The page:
To find the right setting for brightness, go to the image in your movie that has textured blacks and hopefully some shadow/low light areas in which there is detail. Then freeze on that frame. As you move the brightness control down, the intensity of the blacks will increase, and shadows will get darker. As you move the control all the way to zero, you will (hopefully) see that the low light shadow areas will also go to solid black and lose their detail.
The optimum setting for brightness is achieved at just the point where true black objects appear as black as your system will make them while retaining as much visible detail in the shadow areas. Above this point the blacks appear to go grayer. Below this point you lose detail in the shadows. On many video systems, this optimum point is toward the lower end of the brightness scale. But find the point that looks correct to you regardless of where it is on the scale.
CONTRAST. The contrast control is similarly confusing. It is also often set too high on the theory that contrast is good, and therefore we might as well get the most we can out of our set by turning it all the way up. In fact, the contrast setting is used to control the intensity of the brightest highlights in the picture, so it is (oddly enough) the opposite of brightness control.
First, find your test scene in which you find textured whites in bright light, and freeze that frame. You are looking for the brightest elements in the picture in which you want to retain visible detail.
Let's assume you have a whitewashed fence in sunlight. If you start with the contrast set low, the fence will appear light gray rather than white. As you move the contrast control up, the fence will get whiter. Eventually details in the texture of the fence will begin to disappear.
If you continue to push contrast past the optimum point, the wood-grain texture of the fence will go solid white and all visible detail will be obliterated. Push contrast up even a little further, and our fenceposts might actually appear to expand very slightly due to a glow around the edges. This phenomenon, called "blooming" is a definite sign that your contrast setting is overcooking the image (and maybe your picture tube as well—don't ever leave the contrast control set this high!!!)
Find the point at which whites look white while retaining as much texture detail as possible. This is your optimum contrast setting. On most video systems, this setting is toward the higher end of the scale, but it can be anywhere. Find the point that looks correct to you. (By the way, unlike TV's, digital projectors will not bloom)
Now…note the following: brightness and contrast can be to some degree interactive. Your new contrast setting may have affected your brightness. So return to the brightness scene and verify that your blacks are still black, and you still have maximum detail in the shadows. Adjust it if necessary, then return and adjust the contrast setting once again if necessary. (You can see that this is much easier if the black and white elements you are testing all appear in the same image!)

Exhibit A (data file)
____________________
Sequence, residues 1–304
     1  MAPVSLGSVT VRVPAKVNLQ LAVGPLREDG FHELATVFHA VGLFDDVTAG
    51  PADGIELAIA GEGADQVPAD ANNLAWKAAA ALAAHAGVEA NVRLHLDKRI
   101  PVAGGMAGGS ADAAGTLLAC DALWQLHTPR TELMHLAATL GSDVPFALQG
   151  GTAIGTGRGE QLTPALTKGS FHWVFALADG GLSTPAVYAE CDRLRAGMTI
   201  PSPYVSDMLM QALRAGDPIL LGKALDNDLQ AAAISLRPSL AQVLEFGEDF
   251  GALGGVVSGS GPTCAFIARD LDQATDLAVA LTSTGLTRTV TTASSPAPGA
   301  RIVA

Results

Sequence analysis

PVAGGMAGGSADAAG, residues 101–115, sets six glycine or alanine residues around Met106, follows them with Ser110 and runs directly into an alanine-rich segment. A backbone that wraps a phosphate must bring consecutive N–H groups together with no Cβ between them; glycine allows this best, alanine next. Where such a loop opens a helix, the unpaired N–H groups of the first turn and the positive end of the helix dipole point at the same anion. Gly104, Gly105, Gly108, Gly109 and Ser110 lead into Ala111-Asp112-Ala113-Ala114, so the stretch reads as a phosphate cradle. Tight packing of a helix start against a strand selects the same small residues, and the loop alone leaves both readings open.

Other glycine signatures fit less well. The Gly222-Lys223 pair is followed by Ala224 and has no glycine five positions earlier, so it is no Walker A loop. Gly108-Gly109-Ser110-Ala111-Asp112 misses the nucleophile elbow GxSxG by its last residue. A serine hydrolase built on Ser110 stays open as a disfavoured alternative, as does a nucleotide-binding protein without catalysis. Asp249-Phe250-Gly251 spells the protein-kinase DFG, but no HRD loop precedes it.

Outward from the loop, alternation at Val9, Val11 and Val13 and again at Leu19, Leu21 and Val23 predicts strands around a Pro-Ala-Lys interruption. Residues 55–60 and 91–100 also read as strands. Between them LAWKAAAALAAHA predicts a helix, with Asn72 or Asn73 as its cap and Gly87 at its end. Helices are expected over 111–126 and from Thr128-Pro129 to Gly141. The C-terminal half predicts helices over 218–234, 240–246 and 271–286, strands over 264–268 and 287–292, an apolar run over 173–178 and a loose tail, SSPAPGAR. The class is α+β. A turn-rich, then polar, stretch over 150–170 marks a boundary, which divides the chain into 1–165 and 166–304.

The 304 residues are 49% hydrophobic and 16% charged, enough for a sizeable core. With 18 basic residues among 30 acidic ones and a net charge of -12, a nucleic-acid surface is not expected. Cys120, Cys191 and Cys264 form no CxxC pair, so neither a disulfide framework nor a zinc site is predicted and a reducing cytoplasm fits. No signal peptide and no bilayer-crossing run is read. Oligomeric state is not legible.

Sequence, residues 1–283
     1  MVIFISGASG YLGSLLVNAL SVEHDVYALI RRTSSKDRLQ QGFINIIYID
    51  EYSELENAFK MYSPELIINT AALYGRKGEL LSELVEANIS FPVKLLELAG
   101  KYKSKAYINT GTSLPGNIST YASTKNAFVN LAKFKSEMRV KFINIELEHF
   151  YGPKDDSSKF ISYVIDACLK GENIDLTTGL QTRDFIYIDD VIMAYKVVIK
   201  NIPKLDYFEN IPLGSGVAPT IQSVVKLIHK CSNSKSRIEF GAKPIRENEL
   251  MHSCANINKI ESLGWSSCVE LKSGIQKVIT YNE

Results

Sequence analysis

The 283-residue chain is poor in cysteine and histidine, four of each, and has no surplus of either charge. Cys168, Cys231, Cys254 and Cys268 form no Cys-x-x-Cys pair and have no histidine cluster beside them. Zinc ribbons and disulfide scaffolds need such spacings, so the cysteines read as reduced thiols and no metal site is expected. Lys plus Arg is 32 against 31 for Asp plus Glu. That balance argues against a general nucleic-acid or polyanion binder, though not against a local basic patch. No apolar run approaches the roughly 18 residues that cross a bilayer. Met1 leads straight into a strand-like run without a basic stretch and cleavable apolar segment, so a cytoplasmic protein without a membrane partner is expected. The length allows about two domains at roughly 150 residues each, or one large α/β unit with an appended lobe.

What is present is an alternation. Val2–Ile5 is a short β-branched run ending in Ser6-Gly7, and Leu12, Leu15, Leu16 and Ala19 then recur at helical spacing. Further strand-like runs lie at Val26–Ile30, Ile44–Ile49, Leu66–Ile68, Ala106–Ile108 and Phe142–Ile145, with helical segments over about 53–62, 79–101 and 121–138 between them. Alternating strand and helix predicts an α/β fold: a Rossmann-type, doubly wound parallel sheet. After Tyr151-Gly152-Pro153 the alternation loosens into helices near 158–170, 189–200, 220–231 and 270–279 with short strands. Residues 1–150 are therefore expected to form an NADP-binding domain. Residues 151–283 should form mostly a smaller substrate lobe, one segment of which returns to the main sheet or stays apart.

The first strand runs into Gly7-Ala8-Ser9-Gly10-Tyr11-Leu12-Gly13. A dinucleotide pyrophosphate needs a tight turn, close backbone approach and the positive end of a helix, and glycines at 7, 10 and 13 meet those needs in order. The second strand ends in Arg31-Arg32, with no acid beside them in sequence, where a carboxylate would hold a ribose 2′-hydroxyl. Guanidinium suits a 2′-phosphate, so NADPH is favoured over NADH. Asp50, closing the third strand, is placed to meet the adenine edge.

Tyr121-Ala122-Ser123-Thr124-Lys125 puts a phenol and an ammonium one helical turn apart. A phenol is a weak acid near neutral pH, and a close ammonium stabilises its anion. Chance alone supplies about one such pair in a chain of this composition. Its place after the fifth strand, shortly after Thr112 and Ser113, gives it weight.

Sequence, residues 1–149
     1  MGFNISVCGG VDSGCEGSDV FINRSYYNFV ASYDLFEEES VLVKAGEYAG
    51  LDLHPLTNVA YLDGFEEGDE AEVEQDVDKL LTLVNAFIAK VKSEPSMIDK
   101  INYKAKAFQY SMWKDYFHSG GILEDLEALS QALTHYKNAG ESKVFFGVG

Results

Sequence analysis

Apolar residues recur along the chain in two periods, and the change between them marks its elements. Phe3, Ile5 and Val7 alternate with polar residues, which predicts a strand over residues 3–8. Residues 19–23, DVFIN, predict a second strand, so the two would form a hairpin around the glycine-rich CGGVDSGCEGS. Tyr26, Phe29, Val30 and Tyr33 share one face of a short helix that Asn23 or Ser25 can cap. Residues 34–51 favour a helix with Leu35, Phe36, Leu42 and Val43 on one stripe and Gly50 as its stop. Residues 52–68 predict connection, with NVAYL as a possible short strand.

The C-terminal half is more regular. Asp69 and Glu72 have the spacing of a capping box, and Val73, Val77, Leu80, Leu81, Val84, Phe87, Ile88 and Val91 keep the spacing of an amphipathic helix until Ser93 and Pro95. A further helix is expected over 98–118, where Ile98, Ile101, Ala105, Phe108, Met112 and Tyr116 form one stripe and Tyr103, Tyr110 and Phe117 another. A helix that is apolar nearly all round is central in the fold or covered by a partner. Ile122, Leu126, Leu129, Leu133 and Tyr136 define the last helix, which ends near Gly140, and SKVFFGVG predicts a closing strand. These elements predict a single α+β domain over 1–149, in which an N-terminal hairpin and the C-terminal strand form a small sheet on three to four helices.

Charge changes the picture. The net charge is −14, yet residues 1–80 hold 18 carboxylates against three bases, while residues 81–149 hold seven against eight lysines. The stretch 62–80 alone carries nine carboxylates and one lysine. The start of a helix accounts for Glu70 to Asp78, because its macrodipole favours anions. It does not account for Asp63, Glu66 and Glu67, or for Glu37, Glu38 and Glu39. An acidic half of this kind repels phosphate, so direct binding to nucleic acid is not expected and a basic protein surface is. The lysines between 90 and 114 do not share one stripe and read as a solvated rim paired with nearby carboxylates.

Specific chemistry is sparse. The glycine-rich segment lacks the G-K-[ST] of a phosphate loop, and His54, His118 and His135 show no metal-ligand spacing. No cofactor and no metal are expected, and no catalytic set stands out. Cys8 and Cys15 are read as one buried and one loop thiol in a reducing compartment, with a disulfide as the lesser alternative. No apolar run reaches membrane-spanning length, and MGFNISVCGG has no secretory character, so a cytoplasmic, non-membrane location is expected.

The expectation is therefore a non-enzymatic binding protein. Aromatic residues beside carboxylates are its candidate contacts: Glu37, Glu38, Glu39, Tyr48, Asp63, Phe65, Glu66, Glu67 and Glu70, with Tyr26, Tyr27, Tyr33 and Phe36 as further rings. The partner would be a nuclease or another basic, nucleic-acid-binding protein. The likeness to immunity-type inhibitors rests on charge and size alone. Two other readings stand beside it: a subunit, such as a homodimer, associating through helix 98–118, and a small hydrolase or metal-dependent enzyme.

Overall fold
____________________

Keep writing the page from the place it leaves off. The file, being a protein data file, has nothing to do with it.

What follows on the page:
COLOR. The color control on your set determines the level of color intensity in the image. One of the most common errors people make in calibrating their video systems is overdriving the color. That's what makes Larry King look reddish-orange on the TV at the gym. Overdriving color is common because once again, people naturally think, "I want to get as much color as I can out of this color TV, so I will crank it up some to make sure I get the most out of it!" No. Bad mistake.
If you move the color setting down to zero you will notice that your picture will turn into a black and white image. The optimum setting for color is achieved by increasing the setting just to the point where colors look natural and not a bit more! Flesh tones should look natural and without any hint of an unnatural glow. Grass should look naturally green rather than screaming spray-paint green.
When adjusting color, make sure that your test image has relatively unsaturated colors. Flesh tones or natural landscapes are ideal. It is impossible to set color properly if you are using a brilliant red Ferrari as your test subject.
On the large majority of video systems, the optimum setting for color is somewhere near the middle of the scale. However, trust your eyes for the optimum setting and think "what looks like the most natural, accurate reproduction of reality?" Any overdriving of color will make the image look artificial.
TINT or HUE. The tint control adjusts color balance rather than color intensity. It is an easy control to set properly, but for some reason many people don't get it right. When flesh tones look either too green or too magenta, a phenomenon you see with amazing frequency, it is because the tint control is not set properly.
Find a human face and freeze-frame it. (In choosing your test subject, note that lighter skin tones will show errors in tint more readily than darker skin tones). As you move the tint control to one end of the spectrum, the face turns green; as you move it to the other extreme, the face turns magenta (red+blue).